October 6, 2010: Roy Halladay is mobbed by teammates after pitching a no-hitter and the win in Game 1 of the NLDS against the Cincinnati Reds.
ESPN’s Jayson Stark did his annual prediction column yesterday, and like most of his stuff, it’s an entertaining read, as he breaks down the contenders and also-rans while eliminating teams from the playoffs à la “Dancing With the Stars.”
It's also worth noting that DWTS airs on ABC, which is owned by Disney, which also owns ESPN - “We call that “synergy,” folks.
And it's worth noting that I like Jayson Stark. He’s a good writer and one of the handful of mainstream guys who seems to utilize a pretty sound sense of logic and reason in making these predictions, most of which are grounded in empirical data and observation and objectivity. (Say, unlike this guy).
Not only that, he's a Philly guy. He was born in Philly, covered the Phillies for the Inky, and wrote a book detailing the Phillies rise to the top of the baseball world in 2008. Ostensibly, he's a Phillies' fan. I like that.
At any rate, Stark breaks down both leagues and whittles his list down to the final eight teams before arriving at the marquee matchup of a Phillies/Red Sox World Series.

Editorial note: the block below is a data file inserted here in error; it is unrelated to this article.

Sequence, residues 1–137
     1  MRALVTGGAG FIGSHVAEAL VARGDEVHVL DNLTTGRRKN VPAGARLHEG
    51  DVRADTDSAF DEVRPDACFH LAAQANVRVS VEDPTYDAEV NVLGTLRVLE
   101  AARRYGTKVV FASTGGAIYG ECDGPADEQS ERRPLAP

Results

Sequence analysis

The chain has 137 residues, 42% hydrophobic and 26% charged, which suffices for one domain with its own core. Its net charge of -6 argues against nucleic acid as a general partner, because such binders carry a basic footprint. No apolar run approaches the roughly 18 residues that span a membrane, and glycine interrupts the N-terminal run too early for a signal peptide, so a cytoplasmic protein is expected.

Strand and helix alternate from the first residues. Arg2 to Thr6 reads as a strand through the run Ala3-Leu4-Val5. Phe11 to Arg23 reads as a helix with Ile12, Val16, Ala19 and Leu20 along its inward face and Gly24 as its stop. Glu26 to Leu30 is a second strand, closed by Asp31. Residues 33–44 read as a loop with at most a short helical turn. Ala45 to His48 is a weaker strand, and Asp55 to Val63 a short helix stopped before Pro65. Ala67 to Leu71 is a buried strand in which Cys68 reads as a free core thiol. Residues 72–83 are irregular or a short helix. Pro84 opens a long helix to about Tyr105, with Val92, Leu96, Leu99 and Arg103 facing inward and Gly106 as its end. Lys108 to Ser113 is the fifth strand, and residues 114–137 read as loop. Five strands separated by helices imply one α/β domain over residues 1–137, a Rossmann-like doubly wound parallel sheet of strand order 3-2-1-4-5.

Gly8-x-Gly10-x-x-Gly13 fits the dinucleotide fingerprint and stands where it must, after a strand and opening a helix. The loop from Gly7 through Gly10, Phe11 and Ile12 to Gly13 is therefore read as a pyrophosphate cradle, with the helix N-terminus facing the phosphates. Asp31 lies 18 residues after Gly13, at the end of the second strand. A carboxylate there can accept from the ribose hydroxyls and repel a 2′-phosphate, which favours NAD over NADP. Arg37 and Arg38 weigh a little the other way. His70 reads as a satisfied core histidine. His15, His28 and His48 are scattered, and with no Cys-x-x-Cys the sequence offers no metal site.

But it seems, that's when his loyalty to the Fightin' Nine ends...
[The Red Sox are] better than the Phillies. They're better than the Yankees. They're better than the Rangers. They're better than everyone who has pirouetted across this stage. In the last week of March, anyhow, they're better. And that's all I have to go on.
That hurts, Jayson. Even though I know your journalistic integrity precludes you from outright rooting for the Phillies, you can't throw us a bone, at least a little? I mean, it's March. No one will remember in October what you say in March.
To be fair, and at the risk of committing some sort of blogger sacrilege, it's hard to fault Stark for his pick. Even if it does align with most of his co-workers, it's tough to disagree with his logic that the Red Sox have a really, really good team.
But, all that's on paper, as the saying goes. And until that paper can somehow manifest itself onto the grass, I'm going to kindly ignore all the predictions and wait until the dust settles after 180-some games.